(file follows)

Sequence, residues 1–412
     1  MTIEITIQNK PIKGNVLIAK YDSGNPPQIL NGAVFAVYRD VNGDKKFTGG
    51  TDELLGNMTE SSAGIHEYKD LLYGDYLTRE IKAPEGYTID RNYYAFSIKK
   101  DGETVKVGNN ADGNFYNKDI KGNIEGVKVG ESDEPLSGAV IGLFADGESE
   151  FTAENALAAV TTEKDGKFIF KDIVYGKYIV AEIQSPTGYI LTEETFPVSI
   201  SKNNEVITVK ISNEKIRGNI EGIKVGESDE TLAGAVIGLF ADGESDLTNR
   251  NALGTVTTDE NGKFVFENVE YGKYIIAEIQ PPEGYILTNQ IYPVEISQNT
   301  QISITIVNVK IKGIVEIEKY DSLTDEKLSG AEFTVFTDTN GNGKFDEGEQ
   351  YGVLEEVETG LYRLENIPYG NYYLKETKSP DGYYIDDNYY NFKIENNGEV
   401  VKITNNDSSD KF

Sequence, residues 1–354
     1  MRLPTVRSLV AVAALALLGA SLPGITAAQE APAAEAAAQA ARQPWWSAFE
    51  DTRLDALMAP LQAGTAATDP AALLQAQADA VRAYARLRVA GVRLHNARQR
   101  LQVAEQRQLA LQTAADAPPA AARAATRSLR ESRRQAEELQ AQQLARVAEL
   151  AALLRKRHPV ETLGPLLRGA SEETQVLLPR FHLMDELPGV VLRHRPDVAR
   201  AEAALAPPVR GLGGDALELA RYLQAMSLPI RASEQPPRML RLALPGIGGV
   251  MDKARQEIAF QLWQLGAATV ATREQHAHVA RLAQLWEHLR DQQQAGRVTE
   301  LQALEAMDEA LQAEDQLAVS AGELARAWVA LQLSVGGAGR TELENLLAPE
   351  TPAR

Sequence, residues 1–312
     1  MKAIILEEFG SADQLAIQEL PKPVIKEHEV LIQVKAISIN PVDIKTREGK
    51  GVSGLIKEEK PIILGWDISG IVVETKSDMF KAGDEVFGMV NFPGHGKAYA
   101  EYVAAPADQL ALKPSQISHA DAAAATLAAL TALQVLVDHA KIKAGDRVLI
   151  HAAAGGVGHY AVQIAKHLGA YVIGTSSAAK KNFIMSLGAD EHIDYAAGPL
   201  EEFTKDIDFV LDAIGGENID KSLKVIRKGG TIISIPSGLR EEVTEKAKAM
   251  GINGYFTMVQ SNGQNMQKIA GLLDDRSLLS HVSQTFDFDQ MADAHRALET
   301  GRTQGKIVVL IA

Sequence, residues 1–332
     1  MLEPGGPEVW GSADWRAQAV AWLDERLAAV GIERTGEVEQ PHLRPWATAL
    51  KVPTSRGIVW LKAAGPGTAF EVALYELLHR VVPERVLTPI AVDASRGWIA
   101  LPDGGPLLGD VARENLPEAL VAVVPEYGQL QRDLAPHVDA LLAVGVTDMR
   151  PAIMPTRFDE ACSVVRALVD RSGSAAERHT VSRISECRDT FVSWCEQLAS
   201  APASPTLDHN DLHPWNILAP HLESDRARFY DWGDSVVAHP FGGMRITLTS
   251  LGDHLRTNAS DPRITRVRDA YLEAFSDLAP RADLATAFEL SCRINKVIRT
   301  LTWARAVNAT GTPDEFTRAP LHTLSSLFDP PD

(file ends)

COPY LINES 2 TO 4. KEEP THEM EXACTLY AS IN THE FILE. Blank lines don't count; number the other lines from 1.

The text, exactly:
     1  MTIEITIQNK PIKGNVLIAK YDSGNPPQIL NGAVFAVYRD VNGDKKFTGG
    51  TDELLGNMTE SSAGIHEYKD LLYGDYLTRE IKAPEGYTID RNYYAFSIKK
   101  DGETVKVGNN ADGNFYNKDI KGNIEGVKVG ESDEPLSGAV IGLFADGESE